London: Scientists have discovered how a form of the protein linked to Huntington’s disease influences the timing and severity of its symptoms.
The finding paves way for potential treatments not only for this disease, but also a variety of similar conditions.
The laboratory of Gladstone Senior Investigator Steven Finkbeiner, MD, PhD, singles out one form of a misfolded protein (such as Alzheimer’s disease and type 1 diabetes) in neurons that best predicts whether the neuron will die.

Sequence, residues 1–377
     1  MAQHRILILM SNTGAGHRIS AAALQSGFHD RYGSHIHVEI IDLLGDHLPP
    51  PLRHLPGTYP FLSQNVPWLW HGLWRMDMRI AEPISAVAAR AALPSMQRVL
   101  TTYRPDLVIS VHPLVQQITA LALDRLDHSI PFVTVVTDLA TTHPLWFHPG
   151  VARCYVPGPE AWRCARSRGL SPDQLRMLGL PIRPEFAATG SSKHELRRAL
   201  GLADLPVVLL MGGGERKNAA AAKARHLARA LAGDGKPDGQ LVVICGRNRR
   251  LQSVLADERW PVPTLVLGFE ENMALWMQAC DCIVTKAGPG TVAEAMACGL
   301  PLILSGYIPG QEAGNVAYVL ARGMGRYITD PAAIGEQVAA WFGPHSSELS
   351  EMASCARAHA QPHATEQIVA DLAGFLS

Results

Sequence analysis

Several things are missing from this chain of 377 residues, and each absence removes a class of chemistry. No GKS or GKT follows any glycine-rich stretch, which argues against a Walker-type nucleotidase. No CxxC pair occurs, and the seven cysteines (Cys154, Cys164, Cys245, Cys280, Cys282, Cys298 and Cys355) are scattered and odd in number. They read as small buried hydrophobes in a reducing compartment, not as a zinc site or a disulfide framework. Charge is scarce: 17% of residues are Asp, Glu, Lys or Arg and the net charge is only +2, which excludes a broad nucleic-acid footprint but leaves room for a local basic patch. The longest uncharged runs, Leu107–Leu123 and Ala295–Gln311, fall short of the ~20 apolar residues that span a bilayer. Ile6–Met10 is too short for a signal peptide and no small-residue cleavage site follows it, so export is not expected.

Neuronal death is key to the development of Huntington’s symptoms—including erratic behaviour, memory loss and involuntary muscle movement.
“Effective treatments for diseases such as Huntington’s and Alzheimer’s have been slow to develop,” said Dr. Finkbeiner, whose research at Gladstone investigates the interactions between genes, neurons and memory.
“We hope that our newfound understanding of precisely which misfolded proteins contribute to disease symptoms will speed up drug development for sufferers,” he added.
The study was recently published in Nature Chemical Biology.